By Nancy Friedman, Customer Service Keynote speaker, President, Telephone Doctor
OK! OK! Yes, there are certainly more than 21 ways to give GREAT customer service, but rather than overwhelm you, we wanted to start out with a palatable number. And 21 sounded like a good number to me. Sort of like the winning hand of Blackjack. Any one of these tips will produce better relations in your customer service. Here we go.
- Smile! Right. Don’t kid yourself. Just as it can be ‘seen’ in person, the smile can be heard on the phone. So as NIKE says, “Just DO IT.”
- Say something nice at least once a day to someone. I was at the St. Louis airport a while back and the skycap came up to me and said, “Hi Mrs. Friedman. Are you going first class or does it just look that way?” That was over 10 years ago and it still seems like yesterday. People remember nice things. Just as they remember the not so nice things. So best to say nice things more often.
- Don’t ever argue with a customer. You’ll lose every single time. Don’t even get into the ring with them. No discussion needed here.
- If you’re sending something to a customer via any method, add a short personal note. Items received without any note or mention of transaction are perceived as cold and rude. A simple “Thank you” on company note paper or even a post it note will do the trick. It says you stopped to do something special.
- Use “WE” vs. “YOU” in your conversations when possible. “We” is consultative and feels friendlier. And it’s far less confrontational.
- See someone walking into your store/branch/location/office? Say “HELLO” first; loud and clear. Ignoring people, even fellow employees, isn’t good customer service. A nod of the head is semi-useless.
- Keep the fences in your organization low. We all know there needs to be rules, guidelines and policies. However, when there are so many of them, they can make doing business difficult. It’s not worth it. Make it easy to do business with your company.
- Be a double checker. Often, we can miss something or not know all the details. Most people appreciate hearing, “The last time I checked, we were out of stock on that; however, let me DOUBLE CHECK for you.” That particular statement is most comforting. Everyone loves a double checker.
- We cannot do 2 things well at once. If you’re working with a customer, on the phone or in person, then focus on that person. Trying to type, or file, or do some paperwork while you’re communicating with a customer is dangerous and rude.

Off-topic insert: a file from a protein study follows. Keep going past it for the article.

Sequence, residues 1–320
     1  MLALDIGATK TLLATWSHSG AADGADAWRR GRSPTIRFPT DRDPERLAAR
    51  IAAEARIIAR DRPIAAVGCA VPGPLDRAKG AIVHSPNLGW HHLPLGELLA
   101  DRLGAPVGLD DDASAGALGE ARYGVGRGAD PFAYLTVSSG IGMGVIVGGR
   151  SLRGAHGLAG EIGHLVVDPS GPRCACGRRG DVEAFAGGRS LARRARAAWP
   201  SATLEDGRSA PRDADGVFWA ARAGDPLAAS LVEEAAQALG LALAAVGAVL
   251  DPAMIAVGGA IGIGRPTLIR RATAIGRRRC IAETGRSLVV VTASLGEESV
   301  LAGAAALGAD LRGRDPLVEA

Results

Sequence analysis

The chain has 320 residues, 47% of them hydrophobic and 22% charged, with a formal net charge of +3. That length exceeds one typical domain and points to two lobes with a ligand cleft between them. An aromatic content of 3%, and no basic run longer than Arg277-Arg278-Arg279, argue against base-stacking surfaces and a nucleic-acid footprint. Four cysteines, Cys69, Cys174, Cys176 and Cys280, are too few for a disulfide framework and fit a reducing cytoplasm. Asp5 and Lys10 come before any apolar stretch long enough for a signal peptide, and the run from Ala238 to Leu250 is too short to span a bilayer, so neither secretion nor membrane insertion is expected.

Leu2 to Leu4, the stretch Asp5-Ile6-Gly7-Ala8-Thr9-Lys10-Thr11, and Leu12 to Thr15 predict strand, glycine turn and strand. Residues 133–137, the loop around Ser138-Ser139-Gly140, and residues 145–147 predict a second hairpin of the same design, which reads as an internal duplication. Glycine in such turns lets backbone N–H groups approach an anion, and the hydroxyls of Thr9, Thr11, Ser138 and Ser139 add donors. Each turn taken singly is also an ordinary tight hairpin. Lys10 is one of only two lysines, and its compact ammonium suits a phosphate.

- If your attitude stinks, change it. No one – absolutely no one – wants to be connected with someone with a bad or negative attitude.
- Respond rapidly. When you receive information from a client, it’s a good thing to let them know you did receive it. That’s good communications.
- Extend a firm handshake when being introduced to a customer. FIRM is the key word. That loose, fish like handshake is not a sign of confidence. FIRM is key.
- Thank you notes are still thought of as GREAT. Take the time to jot several off to new or, better yet, older clients. Very appreciated.
- Use your name when you answer the phone. Everyone likes to know who they’re talking with. (Yes I ended with a preposition.)
- Use your listening skills more often. We all like to talk, mainly to show off how much we know. But listening to what the customer knows is much better. Let others have the stage. You’ll get the applause.
- It shouldn’t take 2 people to give good customer service. Learn how to handle the situation yourself rather than trying to get rid of it by shipping it off to a co-worker or supervisor.
- Show some empathy or sympathy when a customer complains. Sincerely. Doing or saying nothing when they feel they have a problem will put you in the doghouse fast.
- Learn to say, “I apologize for that” or something that will allow the customer to feel that you are apologizing. That quick, “Sorry ‘bout that” statement sounds as though you’re throwing the statement away.
- Be prepared. If you’re in customer service, or any front line position, expect things to happen. Be prepared is not just for the Boy Scouts. It’s for anyone who works with customers. Prepare for the unexpected.
- When in doubt, leave it out. Writing a letter or email to a client? Or calling them. If you’re in doubt of using a certain word, leave it out or use something else.
- This is reserved for you to put in your own customer service tip. Send us your tip and we’ll include it in our new book with CREDIT to you.
Thanks and please share.
Nancy Friedman was voted one of meeting planners FAVORITE SPEAKERS, 2015 by Meeting Planners Poll (Meetings & Convention Magazine)